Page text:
The ongoing multidimensional crises affecting El Salvador, Guatemala and Honduras, combined with a significant increase in humanitarian needs in a complex socio-economic context, have led to the development of Humanitarian Response Plans (HRPs) for each of the countries. Nearly 8.3 million people in the three countries are in need of humanitarian assistance (25% of the total population). Violence and displacement are described as relevant dimensions of the crises in these Central American countries, along with food insecurity and climate-related shocks.
The region faces increasing political instability. In Honduras, distrust of the electoral process manifested itself during the final registration of candidates, which resulted in security incidents. To date, at least 12 homicides are linked to the electoral process, in addition to cases of threats and coercion, according to the National Observatory of Violence.
In El Salvador, the constitutional reforms promoted by the government and the use of Bitcoin as legal tender have drawn mixed reactions.
In Costa Rica, the Directorate of Migration reports an increasing number of new nominations to file asylum applications by Nicaraguans. Between January and August 2021, a total of 44,445 Nicaraguan asylum seekers had expressed their intention to seek asylum in Costa Rica while 23,183 have already formalized their request in 2021.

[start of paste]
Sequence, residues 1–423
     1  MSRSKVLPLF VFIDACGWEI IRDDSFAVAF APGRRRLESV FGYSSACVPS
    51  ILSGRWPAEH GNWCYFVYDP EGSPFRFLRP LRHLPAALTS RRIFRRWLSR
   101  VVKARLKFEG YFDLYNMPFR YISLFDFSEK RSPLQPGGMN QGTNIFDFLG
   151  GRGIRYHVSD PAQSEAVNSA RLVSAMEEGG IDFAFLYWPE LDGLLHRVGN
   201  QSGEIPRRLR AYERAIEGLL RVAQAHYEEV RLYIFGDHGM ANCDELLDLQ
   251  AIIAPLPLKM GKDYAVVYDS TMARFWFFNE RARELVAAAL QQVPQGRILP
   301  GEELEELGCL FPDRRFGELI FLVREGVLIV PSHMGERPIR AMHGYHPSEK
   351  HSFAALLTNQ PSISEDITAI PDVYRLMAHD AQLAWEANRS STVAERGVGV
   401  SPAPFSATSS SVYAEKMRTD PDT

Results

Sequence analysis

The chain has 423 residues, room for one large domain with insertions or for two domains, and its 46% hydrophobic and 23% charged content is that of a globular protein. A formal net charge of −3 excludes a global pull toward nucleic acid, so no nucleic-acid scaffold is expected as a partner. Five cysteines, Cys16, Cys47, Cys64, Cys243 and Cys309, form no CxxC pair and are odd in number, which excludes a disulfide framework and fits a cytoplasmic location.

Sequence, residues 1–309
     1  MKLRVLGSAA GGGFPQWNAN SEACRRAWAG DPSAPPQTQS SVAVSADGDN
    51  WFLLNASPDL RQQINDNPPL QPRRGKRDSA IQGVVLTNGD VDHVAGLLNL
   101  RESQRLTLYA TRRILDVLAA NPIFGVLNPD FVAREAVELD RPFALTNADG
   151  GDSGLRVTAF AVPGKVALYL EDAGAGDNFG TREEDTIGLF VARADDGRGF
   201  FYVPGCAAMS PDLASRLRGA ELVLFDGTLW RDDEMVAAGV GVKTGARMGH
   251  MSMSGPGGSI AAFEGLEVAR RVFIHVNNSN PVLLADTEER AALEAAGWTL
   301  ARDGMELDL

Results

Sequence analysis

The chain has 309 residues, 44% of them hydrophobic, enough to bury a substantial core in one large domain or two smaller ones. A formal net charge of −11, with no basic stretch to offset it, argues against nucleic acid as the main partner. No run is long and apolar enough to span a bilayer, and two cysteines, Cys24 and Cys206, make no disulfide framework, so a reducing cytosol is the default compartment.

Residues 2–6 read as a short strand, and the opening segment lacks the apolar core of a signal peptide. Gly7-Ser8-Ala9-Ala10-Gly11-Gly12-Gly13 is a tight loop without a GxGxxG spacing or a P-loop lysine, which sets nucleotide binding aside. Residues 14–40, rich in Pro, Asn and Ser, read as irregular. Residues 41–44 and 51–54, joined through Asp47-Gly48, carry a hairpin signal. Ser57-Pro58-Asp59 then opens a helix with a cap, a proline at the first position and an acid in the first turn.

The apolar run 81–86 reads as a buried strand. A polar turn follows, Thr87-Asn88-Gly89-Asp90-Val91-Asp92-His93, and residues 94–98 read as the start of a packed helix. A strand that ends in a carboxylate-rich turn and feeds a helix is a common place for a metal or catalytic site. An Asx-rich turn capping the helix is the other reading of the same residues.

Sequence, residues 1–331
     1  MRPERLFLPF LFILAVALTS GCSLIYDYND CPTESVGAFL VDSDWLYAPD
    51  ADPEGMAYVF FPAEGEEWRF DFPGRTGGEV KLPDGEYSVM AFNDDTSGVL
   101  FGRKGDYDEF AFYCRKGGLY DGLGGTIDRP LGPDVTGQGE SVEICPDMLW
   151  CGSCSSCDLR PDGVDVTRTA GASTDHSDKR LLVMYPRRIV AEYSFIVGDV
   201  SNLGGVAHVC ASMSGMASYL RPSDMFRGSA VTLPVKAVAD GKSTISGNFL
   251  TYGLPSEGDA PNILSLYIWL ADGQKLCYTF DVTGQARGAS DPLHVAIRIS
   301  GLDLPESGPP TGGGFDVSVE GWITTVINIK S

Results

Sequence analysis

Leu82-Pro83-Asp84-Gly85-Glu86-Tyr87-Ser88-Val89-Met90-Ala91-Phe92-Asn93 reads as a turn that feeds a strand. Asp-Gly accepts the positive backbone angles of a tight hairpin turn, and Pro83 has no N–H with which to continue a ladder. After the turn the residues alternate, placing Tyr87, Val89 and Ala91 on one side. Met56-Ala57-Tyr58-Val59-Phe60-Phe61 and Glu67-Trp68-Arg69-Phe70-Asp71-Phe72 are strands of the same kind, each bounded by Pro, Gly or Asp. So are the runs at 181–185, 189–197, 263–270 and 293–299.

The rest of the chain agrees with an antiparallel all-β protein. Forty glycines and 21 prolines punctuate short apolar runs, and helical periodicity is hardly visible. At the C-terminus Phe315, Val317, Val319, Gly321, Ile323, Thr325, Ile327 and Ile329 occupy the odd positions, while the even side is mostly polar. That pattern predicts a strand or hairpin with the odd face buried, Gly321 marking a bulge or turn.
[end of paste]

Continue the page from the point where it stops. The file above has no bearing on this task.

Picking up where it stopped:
The operation to end the MPP (“Remain in Mexico”) program was halted following a US Supreme Court ruling requiring the US government to “enforce in good faith the policy of protection protocols migrants”. In Mexico, August saw a dramatic increase in asylum applications from nationals of Haiti, overtaking Honduras as the country with the most asylum applications. Between January and August, 77,321 people applied for asylum in the country. Nearly 83% of all asylum seekers stranded in Mexican states bordering the United States said they had been victims of violence or threats, according to a report compiled by Human Rights First. Most Haitians arriving in Mexico are part of movements from Chile and Brazil.
In Panama, according to migration authorities, 70,376 people have crossed the Darien Gap so far this year (25,361 in August alone), mostly Haitians, followed by a growing presence of Venezuelans, Cubans and people from Asian and African countries. According to the Commission for Women, Children, Youth and the Family of the National Assembly, they have been victims of robbery, assault and rape in at least 170 cases currently under investigation by Crown.